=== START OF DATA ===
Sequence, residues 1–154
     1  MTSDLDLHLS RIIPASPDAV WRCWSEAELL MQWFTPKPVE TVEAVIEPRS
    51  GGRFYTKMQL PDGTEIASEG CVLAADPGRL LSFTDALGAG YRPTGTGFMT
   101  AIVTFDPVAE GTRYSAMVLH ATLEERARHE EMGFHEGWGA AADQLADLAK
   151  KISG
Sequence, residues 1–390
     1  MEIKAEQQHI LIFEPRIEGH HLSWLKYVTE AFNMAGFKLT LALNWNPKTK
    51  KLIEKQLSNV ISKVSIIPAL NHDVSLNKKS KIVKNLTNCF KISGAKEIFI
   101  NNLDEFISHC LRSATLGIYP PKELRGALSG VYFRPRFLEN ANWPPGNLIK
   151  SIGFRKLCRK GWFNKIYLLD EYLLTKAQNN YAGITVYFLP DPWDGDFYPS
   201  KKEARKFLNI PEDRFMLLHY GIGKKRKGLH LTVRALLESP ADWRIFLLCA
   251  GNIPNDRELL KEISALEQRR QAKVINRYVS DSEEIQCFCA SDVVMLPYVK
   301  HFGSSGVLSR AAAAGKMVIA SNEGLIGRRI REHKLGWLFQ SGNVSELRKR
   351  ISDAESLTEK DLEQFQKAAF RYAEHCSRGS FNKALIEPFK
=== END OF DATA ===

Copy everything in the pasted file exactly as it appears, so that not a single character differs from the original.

Sequence, residues 1–154
     1  MTSDLDLHLS RIIPASPDAV WRCWSEAELL MQWFTPKPVE TVEAVIEPRS
    51  GGRFYTKMQL PDGTEIASEG CVLAADPGRL LSFTDALGAG YRPTGTGFMT
   101  AIVTFDPVAE GTRYSAMVLH ATLEERARHE EMGFHEGWGA AADQLADLAK
   151  KISG
Sequence, residues 1–390
     1  MEIKAEQQHI LIFEPRIEGH HLSWLKYVTE AFNMAGFKLT LALNWNPKTK
    51  KLIEKQLSNV ISKVSIIPAL NHDVSLNKKS KIVKNLTNCF KISGAKEIFI
   101  NNLDEFISHC LRSATLGIYP PKELRGALSG VYFRPRFLEN ANWPPGNLIK
   151  SIGFRKLCRK GWFNKIYLLD EYLLTKAQNN YAGITVYFLP DPWDGDFYPS
   201  KKEARKFLNI PEDRFMLLHY GIGKKRKGLH LTVRALLESP ADWRIFLLCA
   251  GNIPNDRELL KEISALEQRR QAKVINRYVS DSEEIQCFCA SDVVMLPYVK
   301  HFGSSGVLSR AAAAGKMVIA SNEGLIGRRI REHKLGWLFQ SGNVSELRKR
   351  ISDAESLTEK DLEQFQKAAF RYAEHCSRGS FNKALIEPFK